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Opinions

Wed
10
Apr

Americans need action, not acting, in Trump’s Cabinet

Perhaps when Donald Trump leaves the White House, whether it’s in two years or six, he should fund a theater troupe.

Democrats might assume I’m making light of his overdramatic personality, but in this case, I’m talking about all of the “acting” Cabinet members and other key agency directors. With the recent resignation of Kirstjen Neilsen, the Secretary for Homeland Security, we now have more than a dozen Trump officials in acting position, with Kevin McAleenan being the latest one offered a chance at the spotlight.

Trump seems to like having acting directors instead of permanent people who can execute a vision of the future for his administration. He told CBS’ “Face the Nation” that “I like ‘acting’ because I can move so quickly. It gives me more flexibility.”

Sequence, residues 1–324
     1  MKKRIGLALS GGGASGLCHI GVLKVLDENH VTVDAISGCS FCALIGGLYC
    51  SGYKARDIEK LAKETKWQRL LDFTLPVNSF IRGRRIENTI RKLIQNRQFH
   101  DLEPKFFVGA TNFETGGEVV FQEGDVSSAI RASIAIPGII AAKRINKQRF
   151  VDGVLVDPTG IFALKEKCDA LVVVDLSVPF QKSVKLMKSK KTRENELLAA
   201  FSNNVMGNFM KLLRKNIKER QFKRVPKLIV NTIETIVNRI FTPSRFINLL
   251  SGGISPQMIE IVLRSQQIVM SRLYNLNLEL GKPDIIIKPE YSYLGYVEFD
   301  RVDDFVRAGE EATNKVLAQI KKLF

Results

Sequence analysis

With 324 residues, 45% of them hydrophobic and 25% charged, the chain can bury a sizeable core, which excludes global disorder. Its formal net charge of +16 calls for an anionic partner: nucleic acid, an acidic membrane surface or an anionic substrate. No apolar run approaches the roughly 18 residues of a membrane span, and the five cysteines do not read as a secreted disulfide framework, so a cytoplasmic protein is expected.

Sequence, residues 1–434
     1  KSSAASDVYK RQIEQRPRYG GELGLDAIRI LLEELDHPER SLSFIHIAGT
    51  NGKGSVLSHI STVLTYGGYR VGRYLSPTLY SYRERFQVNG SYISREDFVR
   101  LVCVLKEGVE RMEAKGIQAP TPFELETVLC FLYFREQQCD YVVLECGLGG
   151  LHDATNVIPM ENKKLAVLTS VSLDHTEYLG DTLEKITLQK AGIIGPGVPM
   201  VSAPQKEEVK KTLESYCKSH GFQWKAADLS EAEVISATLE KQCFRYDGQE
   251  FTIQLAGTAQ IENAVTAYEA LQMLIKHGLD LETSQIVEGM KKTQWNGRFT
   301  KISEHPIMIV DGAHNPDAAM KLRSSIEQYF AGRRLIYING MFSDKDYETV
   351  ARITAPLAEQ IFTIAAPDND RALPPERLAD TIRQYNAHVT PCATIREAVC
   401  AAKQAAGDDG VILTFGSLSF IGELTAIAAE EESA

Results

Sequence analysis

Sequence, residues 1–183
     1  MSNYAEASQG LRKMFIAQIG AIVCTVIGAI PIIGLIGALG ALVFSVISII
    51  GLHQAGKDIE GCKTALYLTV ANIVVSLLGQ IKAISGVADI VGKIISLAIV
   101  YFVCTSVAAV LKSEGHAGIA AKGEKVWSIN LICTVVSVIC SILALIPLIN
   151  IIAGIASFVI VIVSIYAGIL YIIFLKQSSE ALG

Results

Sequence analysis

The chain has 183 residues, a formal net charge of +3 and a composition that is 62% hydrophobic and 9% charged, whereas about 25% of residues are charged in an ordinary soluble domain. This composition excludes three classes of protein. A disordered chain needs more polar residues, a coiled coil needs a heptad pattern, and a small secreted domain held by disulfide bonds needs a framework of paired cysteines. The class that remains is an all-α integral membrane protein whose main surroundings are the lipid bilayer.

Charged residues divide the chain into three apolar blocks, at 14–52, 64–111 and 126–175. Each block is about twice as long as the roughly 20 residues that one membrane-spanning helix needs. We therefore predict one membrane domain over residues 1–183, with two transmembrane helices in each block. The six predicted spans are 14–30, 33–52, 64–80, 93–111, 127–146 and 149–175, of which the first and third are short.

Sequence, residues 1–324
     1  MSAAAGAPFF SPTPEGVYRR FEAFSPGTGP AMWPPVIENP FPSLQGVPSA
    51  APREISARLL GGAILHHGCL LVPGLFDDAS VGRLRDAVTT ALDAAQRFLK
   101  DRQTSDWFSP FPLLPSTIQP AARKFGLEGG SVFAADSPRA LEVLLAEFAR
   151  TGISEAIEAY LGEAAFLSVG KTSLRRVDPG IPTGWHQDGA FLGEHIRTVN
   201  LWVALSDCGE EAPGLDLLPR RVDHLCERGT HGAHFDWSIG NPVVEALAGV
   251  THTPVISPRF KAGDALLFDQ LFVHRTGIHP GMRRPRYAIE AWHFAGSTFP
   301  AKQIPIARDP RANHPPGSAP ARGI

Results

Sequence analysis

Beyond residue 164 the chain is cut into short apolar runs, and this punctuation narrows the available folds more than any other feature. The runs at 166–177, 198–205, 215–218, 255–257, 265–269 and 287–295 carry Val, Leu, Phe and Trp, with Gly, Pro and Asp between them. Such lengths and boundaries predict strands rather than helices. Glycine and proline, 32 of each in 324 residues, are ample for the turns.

Wed
10
Apr

Keep the government out of higher education

Without college, we will not succeed. Does college guarantee success, or is success up to you? The Declaration of Independence clearly states, “Life, Liberty and the pursuit of Happiness,” no guarantee.

We have all seen the headlines exposing the scam by wealthy people to get their children into big-name colleges, Operation Varsity Blues. It appears these helicopter parents faked their children’s athletic ability and hired coaches to assist and correct admission exams and bribery. This parental effort was not about the child’s education, but rather it was all about attending a prestigious college and networking with other elite young adults.

Wed
10
Apr

It’s more important than ever to protect the earth